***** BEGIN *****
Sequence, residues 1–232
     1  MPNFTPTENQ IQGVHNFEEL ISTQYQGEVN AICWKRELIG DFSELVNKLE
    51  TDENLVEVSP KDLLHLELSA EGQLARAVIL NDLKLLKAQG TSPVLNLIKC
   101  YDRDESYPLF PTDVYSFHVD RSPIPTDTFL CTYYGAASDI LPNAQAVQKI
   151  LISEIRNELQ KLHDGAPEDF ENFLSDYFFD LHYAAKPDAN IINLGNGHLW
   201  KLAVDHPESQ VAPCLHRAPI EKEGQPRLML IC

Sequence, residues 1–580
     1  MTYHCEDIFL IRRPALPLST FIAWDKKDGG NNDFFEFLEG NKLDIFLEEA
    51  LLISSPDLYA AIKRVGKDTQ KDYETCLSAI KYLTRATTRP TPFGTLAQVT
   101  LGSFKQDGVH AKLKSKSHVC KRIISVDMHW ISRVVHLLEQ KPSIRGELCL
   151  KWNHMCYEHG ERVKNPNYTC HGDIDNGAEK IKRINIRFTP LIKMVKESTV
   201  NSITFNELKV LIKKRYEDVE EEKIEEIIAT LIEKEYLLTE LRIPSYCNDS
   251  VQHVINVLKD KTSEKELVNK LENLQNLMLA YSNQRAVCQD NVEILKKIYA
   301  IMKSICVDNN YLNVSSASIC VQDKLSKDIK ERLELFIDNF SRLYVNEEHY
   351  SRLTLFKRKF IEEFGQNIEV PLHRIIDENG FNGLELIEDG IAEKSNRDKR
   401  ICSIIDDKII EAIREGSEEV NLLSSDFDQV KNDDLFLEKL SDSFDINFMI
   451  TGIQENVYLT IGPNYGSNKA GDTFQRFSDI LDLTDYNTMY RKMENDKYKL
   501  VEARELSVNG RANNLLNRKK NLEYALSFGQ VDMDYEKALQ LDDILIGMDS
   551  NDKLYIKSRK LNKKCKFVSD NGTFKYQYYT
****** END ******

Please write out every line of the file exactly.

Sequence, residues 1–232
     1  MPNFTPTENQ IQGVHNFEEL ISTQYQGEVN AICWKRELIG DFSELVNKLE
    51  TDENLVEVSP KDLLHLELSA EGQLARAVIL NDLKLLKAQG TSPVLNLIKC
   101  YDRDESYPLF PTDVYSFHVD RSPIPTDTFL CTYYGAASDI LPNAQAVQKI
   151  LISEIRNELQ KLHDGAPEDF ENFLSDYFFD LHYAAKPDAN IINLGNGHLW
   201  KLAVDHPESQ VAPCLHRAPI EKEGQPRLML IC

Sequence, residues 1–580
     1  MTYHCEDIFL IRRPALPLST FIAWDKKDGG NNDFFEFLEG NKLDIFLEEA
    51  LLISSPDLYA AIKRVGKDTQ KDYETCLSAI KYLTRATTRP TPFGTLAQVT
   101  LGSFKQDGVH AKLKSKSHVC KRIISVDMHW ISRVVHLLEQ KPSIRGELCL
   151  KWNHMCYEHG ERVKNPNYTC HGDIDNGAEK IKRINIRFTP LIKMVKESTV
   201  NSITFNELKV LIKKRYEDVE EEKIEEIIAT LIEKEYLLTE LRIPSYCNDS
   251  VQHVINVLKD KTSEKELVNK LENLQNLMLA YSNQRAVCQD NVEILKKIYA
   301  IMKSICVDNN YLNVSSASIC VQDKLSKDIK ERLELFIDNF SRLYVNEEHY
   351  SRLTLFKRKF IEEFGQNIEV PLHRIIDENG FNGLELIEDG IAEKSNRDKR
   401  ICSIIDDKII EAIREGSEEV NLLSSDFDQV KNDDLFLEKL SDSFDINFMI
   451  TGIQENVYLT IGPNYGSNKA GDTFQRFSDI LDLTDYNTMY RKMENDKYKL
   501  VEARELSVNG RANNLLNRKK NLEYALSFGQ VDMDYEKALQ LDDILIGMDS
   551  NDKLYIKSRK LNKKCKFVSD NGTFKYQYYT